Joined by Chief Administrative Officer Pierre Voisine, Member of Parliament Francis Drouin and Bell representative Matt Henderson at Hammond Golf and Country Club, Mayor Zanth announced the entirety of the municipality would be connected to Bell’s Fibre network by the end of 2025, including the urban centre and rural villages.
« Every street of the municipality will be connected, » said Zanth. « It looks like 99 per cent of households will be included. »
Part of the federal and provincial initiative investing $362 million to connect every household in eastern Ontario to high-speed internet by 2030, and 98 per cent of households by 2025, Bell has already started laying cable in some of the villages of Clarence-Rockland.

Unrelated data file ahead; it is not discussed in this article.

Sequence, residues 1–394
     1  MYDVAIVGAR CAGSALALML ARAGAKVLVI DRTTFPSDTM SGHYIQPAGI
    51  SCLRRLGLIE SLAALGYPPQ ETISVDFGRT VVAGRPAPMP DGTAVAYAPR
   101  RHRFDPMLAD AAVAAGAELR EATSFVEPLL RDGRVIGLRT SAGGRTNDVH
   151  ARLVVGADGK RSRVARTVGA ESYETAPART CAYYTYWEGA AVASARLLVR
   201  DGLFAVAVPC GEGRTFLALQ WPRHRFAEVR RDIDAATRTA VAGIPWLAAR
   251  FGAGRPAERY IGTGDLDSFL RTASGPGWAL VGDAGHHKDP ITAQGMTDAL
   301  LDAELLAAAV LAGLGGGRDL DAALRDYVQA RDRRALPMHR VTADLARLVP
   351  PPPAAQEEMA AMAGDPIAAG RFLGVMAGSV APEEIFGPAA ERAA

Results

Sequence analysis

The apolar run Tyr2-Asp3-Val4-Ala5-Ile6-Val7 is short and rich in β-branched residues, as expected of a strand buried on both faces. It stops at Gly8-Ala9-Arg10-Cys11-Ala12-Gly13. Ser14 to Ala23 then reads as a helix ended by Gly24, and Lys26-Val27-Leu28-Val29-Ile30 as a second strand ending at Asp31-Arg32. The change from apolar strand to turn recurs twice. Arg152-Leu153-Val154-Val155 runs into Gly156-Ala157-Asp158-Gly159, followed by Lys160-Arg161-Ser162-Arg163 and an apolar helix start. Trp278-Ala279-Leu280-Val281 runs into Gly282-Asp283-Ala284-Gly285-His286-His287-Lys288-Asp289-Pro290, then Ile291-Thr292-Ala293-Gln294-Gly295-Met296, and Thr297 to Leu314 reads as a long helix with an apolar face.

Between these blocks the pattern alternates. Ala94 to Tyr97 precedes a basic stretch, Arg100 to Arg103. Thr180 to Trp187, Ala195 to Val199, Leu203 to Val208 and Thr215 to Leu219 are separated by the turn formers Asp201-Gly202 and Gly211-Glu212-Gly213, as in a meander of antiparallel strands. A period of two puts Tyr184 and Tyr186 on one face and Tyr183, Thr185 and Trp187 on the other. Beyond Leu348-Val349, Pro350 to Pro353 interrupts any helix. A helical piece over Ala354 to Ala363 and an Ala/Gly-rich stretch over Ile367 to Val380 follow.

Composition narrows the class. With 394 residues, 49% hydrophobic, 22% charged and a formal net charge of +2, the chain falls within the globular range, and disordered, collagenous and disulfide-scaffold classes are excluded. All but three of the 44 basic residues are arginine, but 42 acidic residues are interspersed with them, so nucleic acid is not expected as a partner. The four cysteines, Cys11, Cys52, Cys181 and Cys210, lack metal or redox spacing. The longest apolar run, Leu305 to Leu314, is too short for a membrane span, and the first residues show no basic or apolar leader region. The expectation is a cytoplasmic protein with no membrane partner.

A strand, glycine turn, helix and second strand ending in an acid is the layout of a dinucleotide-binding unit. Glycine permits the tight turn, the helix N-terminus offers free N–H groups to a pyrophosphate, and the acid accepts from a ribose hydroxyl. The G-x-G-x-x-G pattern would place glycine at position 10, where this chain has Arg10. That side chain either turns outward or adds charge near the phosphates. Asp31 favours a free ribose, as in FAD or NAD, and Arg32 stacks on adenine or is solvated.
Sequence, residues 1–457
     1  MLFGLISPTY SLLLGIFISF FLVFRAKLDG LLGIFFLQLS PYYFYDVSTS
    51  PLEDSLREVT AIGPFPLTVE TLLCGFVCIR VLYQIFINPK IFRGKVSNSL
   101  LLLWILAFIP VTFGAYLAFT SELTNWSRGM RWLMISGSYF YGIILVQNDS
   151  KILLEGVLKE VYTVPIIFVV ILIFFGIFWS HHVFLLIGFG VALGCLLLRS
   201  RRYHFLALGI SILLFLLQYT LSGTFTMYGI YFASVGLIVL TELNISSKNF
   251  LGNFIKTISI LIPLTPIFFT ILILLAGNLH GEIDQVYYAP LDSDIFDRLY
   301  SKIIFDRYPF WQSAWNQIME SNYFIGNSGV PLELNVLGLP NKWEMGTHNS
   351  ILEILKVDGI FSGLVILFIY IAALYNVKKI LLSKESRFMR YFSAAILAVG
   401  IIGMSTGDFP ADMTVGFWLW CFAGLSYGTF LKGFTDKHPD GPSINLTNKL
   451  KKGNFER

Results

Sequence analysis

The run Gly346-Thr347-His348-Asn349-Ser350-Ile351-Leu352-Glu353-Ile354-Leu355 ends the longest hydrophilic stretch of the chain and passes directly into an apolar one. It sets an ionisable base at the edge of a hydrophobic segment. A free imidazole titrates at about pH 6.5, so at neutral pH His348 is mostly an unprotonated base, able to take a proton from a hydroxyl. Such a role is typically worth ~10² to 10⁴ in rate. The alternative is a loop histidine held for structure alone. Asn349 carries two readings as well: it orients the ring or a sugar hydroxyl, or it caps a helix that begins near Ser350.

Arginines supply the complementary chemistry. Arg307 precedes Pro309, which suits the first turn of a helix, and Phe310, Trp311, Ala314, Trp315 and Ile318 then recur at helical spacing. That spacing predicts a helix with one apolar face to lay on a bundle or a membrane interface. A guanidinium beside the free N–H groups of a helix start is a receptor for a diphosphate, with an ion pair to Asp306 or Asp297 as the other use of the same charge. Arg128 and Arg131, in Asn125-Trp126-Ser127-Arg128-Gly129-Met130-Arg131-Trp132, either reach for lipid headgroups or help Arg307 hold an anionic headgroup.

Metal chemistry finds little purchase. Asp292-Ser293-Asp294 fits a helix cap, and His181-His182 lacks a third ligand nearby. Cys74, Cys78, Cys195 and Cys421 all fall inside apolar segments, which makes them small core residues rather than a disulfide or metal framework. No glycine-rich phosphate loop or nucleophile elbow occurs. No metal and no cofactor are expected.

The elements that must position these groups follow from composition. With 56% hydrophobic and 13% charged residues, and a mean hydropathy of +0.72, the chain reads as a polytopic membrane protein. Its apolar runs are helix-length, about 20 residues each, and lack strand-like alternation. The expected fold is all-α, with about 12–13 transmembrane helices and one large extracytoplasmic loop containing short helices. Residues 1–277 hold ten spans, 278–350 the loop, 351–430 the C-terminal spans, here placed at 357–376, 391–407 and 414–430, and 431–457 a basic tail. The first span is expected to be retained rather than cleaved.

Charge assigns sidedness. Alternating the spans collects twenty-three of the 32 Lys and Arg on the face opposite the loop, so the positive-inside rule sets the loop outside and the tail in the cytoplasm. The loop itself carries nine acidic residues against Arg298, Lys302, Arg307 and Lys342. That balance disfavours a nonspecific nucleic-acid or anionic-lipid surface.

Zanth was excited about the announcement, remarking on how high-speed internet will not only benefit residents, but be a boon for businesses both established and new.
With more people working from home and kids trying to take classes online, the pandemic exposed the challenges of the municipalities unequal access to stable, fast internet.
« Children and many teachers could not connect to their virtual classrooms, » said Zanth. « Many entrepreneurs wanted to sell their products and services on the web but were unable to do so with unstable or weak internet access. »
The derecho windstorm of May 2022 also highlighted the risks of limited connectivity, as many residents were unable to receive updates regarding power outages and the city’s emergency response which were largely distributed through email, social media and other online platforms.
« This was heartbreaking, » said Zanth.
Bell Fibe will be the only high-speed fibre-optic option available to residents for the time being, as the Canadian Radio-Television and Telecommunications Commission (CRTC) ruled in 2021 that smaller internet providers were not allowed to ‘piggy-back’ off of the larger telecom companies’ fibre-optic networks.